Vietnam now a magnet for datacentre developers

  • Vietnam’s datacentre sector is currently dominated by local telcos
  • But a vibrant economy, new regulations and demand for local cloud services are attracting overseas investors
  • New entrants, including Japan’s NTT and Alibaba, are planning datacentre facilities in the South-east Asian country

Vietnam's datacentre sector is attracting a lot of interest from foreign investors with international developers and operators, such as NTT and Alibaba, starting to enter the market in a sector that, currently, offers somewhat limited capacity and availability but has the potential for rapid and extensive growth. 

According to a new report from global real-estate company Jones Lang LaSalle (JLL), cited by Vietnam News, the Vietnamese datacentre market is, for historical reasons, currently dominated by local telcos, including VNPT, Viettel IDC, FPT Telecom and CMC Telecom, which have reported increasing demand for cloud and data analytics services. And the cloud services sector is expected to continue to grow for the rest of the decade: An IDC report cited in this post from the Vietnamese government suggests it will grow at a CAGR of 10.8% in the coming years and be worth $1.26bn by 2030. 

At the same time, Vietnam’s economy is on the up and is increasingly attractive to overseas investors and businesses. According to Vietnam’s General Statistics Office, the nation’s gross domestic product (GDP) grew by 6.7% in the final quarter of 2023 and by 5.66% during the first quarter of 2024 (with that slight slowdown attributed mainly to a decline in the number of mobile handsets shipped). 

Nonetheless the International Monetary Fund (IMF) is sticking to its forecast that the Vietnamese economy could reach a value of $469.7bn this year and enable the country to retain its place as the fifth-largest economy in South-east Asia. The statistics for the first quarter of this year show a new high in the establishment of new domestic enterprises and in attracting overseas businesses to start operations in the country. More than $6.17bn of newly registered, additional and contributed capital, along with share purchases by foreign investors, were recorded in the first quarter, up 13.4% year on year.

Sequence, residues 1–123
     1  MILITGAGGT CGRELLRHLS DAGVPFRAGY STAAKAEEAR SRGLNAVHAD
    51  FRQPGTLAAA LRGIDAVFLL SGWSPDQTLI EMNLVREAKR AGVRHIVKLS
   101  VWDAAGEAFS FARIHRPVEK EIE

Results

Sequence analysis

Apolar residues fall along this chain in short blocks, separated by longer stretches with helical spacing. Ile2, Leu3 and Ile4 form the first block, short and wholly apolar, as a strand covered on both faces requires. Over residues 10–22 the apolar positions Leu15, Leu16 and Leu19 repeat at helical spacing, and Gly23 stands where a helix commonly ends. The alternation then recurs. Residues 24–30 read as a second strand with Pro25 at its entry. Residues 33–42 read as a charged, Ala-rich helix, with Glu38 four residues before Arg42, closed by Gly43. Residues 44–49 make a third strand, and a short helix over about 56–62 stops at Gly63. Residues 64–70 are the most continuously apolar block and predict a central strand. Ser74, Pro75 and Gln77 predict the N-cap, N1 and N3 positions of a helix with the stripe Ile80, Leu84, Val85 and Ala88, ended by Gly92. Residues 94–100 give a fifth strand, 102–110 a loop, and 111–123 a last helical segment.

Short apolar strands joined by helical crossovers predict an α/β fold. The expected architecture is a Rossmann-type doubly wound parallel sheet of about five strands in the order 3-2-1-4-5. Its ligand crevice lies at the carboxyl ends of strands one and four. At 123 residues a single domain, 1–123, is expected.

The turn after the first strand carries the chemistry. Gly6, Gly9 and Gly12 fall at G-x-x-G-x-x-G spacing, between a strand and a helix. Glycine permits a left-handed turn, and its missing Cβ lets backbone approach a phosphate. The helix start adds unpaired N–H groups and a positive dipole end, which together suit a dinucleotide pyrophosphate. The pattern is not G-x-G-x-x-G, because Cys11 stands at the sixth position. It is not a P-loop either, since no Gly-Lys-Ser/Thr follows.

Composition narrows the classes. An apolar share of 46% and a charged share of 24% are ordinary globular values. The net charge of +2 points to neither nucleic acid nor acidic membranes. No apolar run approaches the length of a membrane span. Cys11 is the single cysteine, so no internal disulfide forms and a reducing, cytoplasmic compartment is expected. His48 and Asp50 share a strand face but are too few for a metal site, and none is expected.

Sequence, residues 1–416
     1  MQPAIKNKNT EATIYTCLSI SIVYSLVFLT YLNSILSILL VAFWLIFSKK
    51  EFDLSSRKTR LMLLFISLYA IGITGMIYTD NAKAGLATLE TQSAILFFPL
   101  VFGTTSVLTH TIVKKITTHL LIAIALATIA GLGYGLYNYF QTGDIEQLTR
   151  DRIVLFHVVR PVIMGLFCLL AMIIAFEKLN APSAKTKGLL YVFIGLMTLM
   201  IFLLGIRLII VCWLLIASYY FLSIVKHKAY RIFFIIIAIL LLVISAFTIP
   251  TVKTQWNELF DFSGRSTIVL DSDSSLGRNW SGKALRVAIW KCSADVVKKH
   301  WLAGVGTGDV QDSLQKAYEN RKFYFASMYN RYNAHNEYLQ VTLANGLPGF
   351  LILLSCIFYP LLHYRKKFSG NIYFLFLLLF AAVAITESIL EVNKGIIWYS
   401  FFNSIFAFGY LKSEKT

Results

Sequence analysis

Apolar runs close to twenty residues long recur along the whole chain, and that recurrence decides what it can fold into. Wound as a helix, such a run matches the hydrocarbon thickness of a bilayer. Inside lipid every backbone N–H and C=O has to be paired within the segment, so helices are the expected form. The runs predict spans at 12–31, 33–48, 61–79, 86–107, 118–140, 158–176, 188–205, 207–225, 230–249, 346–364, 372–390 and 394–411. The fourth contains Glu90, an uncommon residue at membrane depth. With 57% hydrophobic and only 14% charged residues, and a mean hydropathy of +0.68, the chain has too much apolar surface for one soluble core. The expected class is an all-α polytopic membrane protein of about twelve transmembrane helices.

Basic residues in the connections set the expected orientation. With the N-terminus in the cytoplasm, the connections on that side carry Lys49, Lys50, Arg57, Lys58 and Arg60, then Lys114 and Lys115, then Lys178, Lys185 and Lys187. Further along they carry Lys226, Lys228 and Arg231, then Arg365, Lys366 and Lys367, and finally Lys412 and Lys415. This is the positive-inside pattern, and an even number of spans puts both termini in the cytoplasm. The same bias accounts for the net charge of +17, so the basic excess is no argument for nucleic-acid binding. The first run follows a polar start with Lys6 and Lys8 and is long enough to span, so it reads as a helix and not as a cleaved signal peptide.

Foreign investment was up by 7.1% at $4.63bn and rising. The influx of foreign investment came from 62 countries and territories, with Singapore emerging as the leading investor in Vietnam during the period, having ploughed 2.55bn Singapore dollars (US$1.88bn) into the Vietnamese economy. 

The JLL report attributes Vietnam’s interest to overseas investors as a combination of the country’s strategic geographical location, its dynamic economic policies, a supportive government, a young and very tech-savvy population and the increasing need for data localisation. These factors point to Vietnam being a prime candidate to become an important hub for datacentres in Asia. 

Among those operators and developers that have recently entered the Vietnamese market with major projects are Gaw Capital, with a 20 megawatt (MW) datacentre facility in Saigon Hi-Tech Park, a 30MW datacentre project by Singapore-based Worldwide Data Centre Solutions, and a partnership between Japanese telco NTT and QD Tek (Quang Dung Technology) of Vietnam to construct a major datacentre in Ho Chi Minh City

The huge Chinese conglomerate and cloud services provider Alibaba also plans to build a major facility in the country, it confirmed to Nikkei Asia, mainly because of new regulations that mean data must be stored in-country. The major US hyperscalers are likely to follow suit in order to also comply with that recent law. 

And as this report suggests, the dominant incumbent players, such as Viettel, are also planning to invest more in the sector

The JLL report says development costs for datacentres in Vietnam range from US$6m to $13mn per megawatt, considerably lower than the equivalent cost in Japan, Singapore or South Korea, but slightly more expensive than building such facilities in China or India. 

The Vietnam government says that when the country’s new-ish ‘light-touch’ Telecommunications Law (that was actually passed in 2023) comes into practical effect in the coming months, it will provide a more structured regulatory framework with clearer definitions and guidelines for datacentre and cloud computing services – see Vietnam opens door to foreign digital service providers.

It is hoped the legislation, which allows 100% foreign investment in datacentre services, will prove “conducive” to the liberalisation of market access conditions and more foreign investment. 

- Martyn Warwick, Editor in Chief, TelecomTV

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